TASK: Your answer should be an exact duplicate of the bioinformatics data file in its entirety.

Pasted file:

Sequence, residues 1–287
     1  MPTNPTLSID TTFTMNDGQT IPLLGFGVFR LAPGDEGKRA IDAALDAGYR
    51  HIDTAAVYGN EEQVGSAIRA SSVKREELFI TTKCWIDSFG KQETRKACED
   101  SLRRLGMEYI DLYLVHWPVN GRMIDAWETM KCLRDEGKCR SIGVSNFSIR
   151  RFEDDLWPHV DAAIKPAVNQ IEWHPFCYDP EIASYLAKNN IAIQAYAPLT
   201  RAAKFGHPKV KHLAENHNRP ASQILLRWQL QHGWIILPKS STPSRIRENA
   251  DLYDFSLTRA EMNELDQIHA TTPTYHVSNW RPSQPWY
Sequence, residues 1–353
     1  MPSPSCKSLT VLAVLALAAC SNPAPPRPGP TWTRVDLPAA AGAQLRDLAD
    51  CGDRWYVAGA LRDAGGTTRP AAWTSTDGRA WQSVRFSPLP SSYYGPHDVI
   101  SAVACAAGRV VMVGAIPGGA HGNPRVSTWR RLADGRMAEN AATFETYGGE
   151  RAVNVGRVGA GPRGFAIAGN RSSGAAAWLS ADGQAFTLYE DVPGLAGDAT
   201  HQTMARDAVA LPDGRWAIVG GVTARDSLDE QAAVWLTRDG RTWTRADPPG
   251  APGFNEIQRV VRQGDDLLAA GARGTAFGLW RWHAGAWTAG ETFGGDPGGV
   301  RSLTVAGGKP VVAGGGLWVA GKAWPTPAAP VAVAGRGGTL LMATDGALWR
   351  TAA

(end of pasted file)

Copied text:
Sequence, residues 1–287
     1  MPTNPTLSID TTFTMNDGQT IPLLGFGVFR LAPGDEGKRA IDAALDAGYR
    51  HIDTAAVYGN EEQVGSAIRA SSVKREELFI TTKCWIDSFG KQETRKACED
   101  SLRRLGMEYI DLYLVHWPVN GRMIDAWETM KCLRDEGKCR SIGVSNFSIR
   151  RFEDDLWPHV DAAIKPAVNQ IEWHPFCYDP EIASYLAKNN IAIQAYAPLT
   201  RAAKFGHPKV KHLAENHNRP ASQILLRWQL QHGWIILPKS STPSRIRENA
   251  DLYDFSLTRA EMNELDQIHA TTPTYHVSNW RPSQPWY
Sequence, residues 1–353
     1  MPSPSCKSLT VLAVLALAAC SNPAPPRPGP TWTRVDLPAA AGAQLRDLAD
    51  CGDRWYVAGA LRDAGGTTRP AAWTSTDGRA WQSVRFSPLP SSYYGPHDVI
   101  SAVACAAGRV VMVGAIPGGA HGNPRVSTWR RLADGRMAEN AATFETYGGE
   151  RAVNVGRVGA GPRGFAIAGN RSSGAAAWLS ADGQAFTLYE DVPGLAGDAT
   201  HQTMARDAVA LPDGRWAIVG GVTARDSLDE QAAVWLTRDG RTWTRADPPG
   251  APGFNEIQRV VRQGDDLLAA GARGTAFGLW RWHAGAWTAG ETFGGDPGGV
   301  RSLTVAGGKP VVAGGGLWVA GKAWPTPAAP VAVAGRGGTL LMATDGALWR
   351  TAA